I found painting a realistic light grey tunic a bit of a challenge, if you're not careful wash effects can end up looking 'dirty' on the light coloured clothing (or at least that's what I found).

I think the officer turned out the most subtle of my wash effects. Light grey base with a mid-grey wash over it to bring out the creases in the material and then some dark grey in the deep folds and seams. I finished this all off with some near-white highlights at the edges of the cloth.

I used this same format for the dark grey trousers. But I did find that I went back a couple of times, re-washing certain areas until I was happy with the effect.

The deformed features and details of these figures did make it a little difficult at times and he end effect turned out a little messy because of it. It's a bit of a shame as occasionally there was a glimpse of what could have been if Strelets had taken some care in the sculpting, the kneeling rifleman was my favourite figure in the whole set...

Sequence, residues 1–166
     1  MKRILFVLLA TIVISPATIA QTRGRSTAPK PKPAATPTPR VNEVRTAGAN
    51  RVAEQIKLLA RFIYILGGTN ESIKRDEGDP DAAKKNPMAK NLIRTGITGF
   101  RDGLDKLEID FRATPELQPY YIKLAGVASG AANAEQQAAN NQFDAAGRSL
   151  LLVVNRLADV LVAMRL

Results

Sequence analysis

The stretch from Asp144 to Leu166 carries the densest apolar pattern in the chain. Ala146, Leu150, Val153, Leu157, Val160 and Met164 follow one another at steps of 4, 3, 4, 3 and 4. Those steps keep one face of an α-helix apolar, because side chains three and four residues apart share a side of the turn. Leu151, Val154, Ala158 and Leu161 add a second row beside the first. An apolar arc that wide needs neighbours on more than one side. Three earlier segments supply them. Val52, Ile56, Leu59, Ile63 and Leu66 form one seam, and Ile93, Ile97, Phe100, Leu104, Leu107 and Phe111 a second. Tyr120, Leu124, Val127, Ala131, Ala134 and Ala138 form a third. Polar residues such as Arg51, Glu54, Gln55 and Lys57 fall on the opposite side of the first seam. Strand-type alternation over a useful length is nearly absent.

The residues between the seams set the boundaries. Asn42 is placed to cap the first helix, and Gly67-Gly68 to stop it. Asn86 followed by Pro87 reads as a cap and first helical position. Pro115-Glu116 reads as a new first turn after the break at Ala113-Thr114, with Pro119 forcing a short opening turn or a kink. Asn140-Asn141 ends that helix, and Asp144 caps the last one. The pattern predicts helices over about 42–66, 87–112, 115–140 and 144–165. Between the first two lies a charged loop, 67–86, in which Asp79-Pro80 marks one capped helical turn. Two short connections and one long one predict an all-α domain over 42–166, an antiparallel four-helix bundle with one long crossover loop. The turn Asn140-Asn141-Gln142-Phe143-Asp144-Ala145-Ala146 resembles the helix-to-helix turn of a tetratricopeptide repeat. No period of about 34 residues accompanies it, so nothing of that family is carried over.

One of the positive effects I discovered with these test figures was the use of artists' inks for shading. I picked up a cheap set of eight primary colours from Amazon and they really lifted my flat washes, particularly the flesh tones.

My favourite ink was the Sienna, a warm red-yellow, which I used around the edges of the faces and between folds of skin, joints and fingers. But the other colour came in useful too to give a rich and vivid highlight to other areas. Black ink gave a nice glossy sheen to the boots.

I guess the final learning exercise was the textured base. Not too difficult really as you can paint the base colours as messy as you like, then give it a lighter dry brush, as long as it's an earthy colour. The mossy flocking I stuck on with PVA and the few small stones did all the work really.